McIntosh MC2102 power amplifier Page 4

Sure enough, I was peaking out at about 100W, even with the 92dB-sensitive Triangle Antals.

Now, it could be that I was getting such clean, clear sound from the MC2102 that I was tempted to push the volume a bit. I don't know. But I do know what the meters told me: I "needed" 100W.

Gosh, did I have enough power?

I hinted to Larry Fish that I'd heard a subjectively more powerful sound with the MC2000. The MC2102 has a smaller power supply, and its output tubes are run at lower voltages. The MC2000's plate-supply voltage was 500V, the MC2102's is 450V. Hence, 100Wpc instead of 135Wpc.

But if the sound was less powerful with the smaller amp, it was also slightly more soft and sweet.

"We're not running the tubes as hard," Larry observed. "It could be that the output tubes are operating more within their linear capabilities."

Ever heard KT88 or 6550 tubes sound hard, glassy, and glary? I sure have, but that's not how they sounded in the MC2101—or in the MC2000. Or in the MC275 reissue, for that matter.

Any other reason the two amps might sound different?

"Well, the MC2000 was a hybrid," Larry offered. "The MC2102 is an all-tube design. There are no transistors in the signal path."

"Oh? So you slipped in some transistors while Sidney wasn't looking?"

Larry was unflappable. "In the MC2000, there was an emitter follower between the driver tubes and the output stage. It consisted of four transistors per channel—two on the positive side, two on the negative. We could swing further with a given voltage that way. We wanted to increase the amount of drive to the output stage. That's how we got the MC2000 to 130W."

Could I be hearing the absence of transistors in the MC2102's signal path?

Nah...more likely it was a matter of less power. (I don't think Sidney Corderman set out to design different-sounding amplifiers. But he couldn't include such a massive power supply in a $6000 amp.)

The MC2102's lower power meant a loss of dynamics and dynamic headroom (subjectively, anyway). But it also might be what produced that gentler, more softly lit sound I found so beguiling. In any event, lower power was dictated by the MC2102's much lower price point: Not as much money for a massive power supply.

Some listeners might prefer the MC2000, and maybe I'm making too much of the sonic differences I heard—reviewers tend to do that. At any rate, you can't buy the MC2000 new, and even when you could, it sold for 15 fat ones. At $6k, the MC2102 is a bargain by comparison.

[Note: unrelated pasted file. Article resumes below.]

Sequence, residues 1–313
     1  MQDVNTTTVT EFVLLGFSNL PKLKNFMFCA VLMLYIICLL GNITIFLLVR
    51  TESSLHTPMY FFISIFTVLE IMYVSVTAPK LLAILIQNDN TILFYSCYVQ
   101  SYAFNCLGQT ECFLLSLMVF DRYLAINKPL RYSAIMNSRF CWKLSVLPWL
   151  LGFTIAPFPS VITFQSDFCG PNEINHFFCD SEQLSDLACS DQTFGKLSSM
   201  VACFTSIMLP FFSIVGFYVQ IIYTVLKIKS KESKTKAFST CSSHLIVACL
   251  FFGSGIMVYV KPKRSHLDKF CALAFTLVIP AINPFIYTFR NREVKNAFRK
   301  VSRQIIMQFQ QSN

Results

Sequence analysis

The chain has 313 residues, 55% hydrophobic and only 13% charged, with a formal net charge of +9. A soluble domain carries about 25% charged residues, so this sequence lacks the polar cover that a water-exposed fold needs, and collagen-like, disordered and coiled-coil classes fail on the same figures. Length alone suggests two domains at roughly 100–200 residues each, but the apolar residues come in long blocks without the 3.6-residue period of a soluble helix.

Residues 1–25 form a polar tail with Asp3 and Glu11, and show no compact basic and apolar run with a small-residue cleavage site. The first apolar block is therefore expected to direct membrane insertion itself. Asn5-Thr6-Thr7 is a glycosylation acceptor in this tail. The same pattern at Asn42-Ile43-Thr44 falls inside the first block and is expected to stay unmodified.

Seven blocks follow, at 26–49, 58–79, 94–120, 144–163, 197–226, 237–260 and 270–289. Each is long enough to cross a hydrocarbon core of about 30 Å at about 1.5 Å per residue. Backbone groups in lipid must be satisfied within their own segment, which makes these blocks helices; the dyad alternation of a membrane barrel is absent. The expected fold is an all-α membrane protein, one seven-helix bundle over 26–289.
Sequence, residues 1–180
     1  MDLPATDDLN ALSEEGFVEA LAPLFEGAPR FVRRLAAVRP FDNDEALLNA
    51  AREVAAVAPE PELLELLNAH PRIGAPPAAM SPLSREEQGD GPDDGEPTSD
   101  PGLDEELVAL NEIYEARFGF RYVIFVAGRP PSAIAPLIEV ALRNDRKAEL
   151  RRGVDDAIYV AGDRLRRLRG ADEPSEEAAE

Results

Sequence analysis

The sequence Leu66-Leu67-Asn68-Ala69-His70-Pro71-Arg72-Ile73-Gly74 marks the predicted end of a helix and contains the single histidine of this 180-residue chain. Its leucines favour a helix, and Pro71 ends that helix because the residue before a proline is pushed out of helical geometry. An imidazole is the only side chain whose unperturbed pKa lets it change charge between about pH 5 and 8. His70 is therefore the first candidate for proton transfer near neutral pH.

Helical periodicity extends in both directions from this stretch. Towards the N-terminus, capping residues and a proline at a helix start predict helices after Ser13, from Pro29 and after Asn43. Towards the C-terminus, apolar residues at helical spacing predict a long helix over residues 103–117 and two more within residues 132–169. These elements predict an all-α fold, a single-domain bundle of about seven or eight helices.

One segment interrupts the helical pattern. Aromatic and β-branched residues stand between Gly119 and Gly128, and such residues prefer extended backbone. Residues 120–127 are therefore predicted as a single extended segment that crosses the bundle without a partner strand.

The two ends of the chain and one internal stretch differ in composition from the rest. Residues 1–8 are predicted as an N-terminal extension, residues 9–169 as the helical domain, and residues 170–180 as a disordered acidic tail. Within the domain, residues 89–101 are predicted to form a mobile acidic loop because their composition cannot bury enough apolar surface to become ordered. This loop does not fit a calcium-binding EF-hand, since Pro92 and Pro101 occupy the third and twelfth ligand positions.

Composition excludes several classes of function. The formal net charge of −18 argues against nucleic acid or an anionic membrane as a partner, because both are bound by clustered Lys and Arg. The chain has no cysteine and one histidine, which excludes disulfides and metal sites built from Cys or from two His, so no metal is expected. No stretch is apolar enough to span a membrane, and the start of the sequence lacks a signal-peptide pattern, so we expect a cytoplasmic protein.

So maybe you should consider buying two.

There's a three-position slide switch on the chassis next to the input connectors. The three positions are Stereo, Parallel Mono, and Bridged Mono. The MC2102 can be bridged to provide 200W mono into 16, 8, or 4 ohms, or the two channels can be run parallel to provide 200W into 4, 2, or 1 ohm.

"When you run mono bridged," Larry explained, "you insert a phase inverter in the input of one of the channels, so one channel is 180 degrees out of phase. The speaker is connected between the two hot output terminals. The plus and minus leads from the speaker both go to separate positive terminals.

"Now you have a fully balanced 200W amplifier into 16, 8, or 4 ohms. You have two output transformers, physically, but they act like one center-tap output transformer."

If there was any doubt about the greatness of the McIntosh unity-coupled output circuit, the MC2102 and the MC2000 should settle the matter. For the first time, the Mac circuit has appeared in fully modern state-of-the-art designs, delivering clean, clear sound, natural harmonics, extended highs, and bass with balls. Why, the MC2102 sounds as good as a McIntosh solid-state amp!

Just teasing, Larry.

So I'm keeping the MC2102. It's almost as powerful as the MC2000, and I found it even better-sounding in some respects—or perhaps I should say, more to my own personal tastes. It's almost as handsome, and a little less showy. The clincher, of course, is that the MC2102 sells for less than half the price of the MC2000.

I love turning on the amp at the end of the day as I start to prepare dinner, choosing music for the meal. (Our listening room adjoins the kitchen.) Let's see...What would most amuse Marina? Ukulele Ike or Bing Crosby? The Mills Brothers or the Boswell Sisters? Al Bowlly with Ray Noble or Sam Browne with Ambrose and His Orchestra? Fremer favorites all. Life is sweet.

McIntosh produced the original MC275 for 12 years. This new Mac tube gear may have just as long a run. Only Sidney A. Corderman could have designed it. Only McIntosh could have built it.

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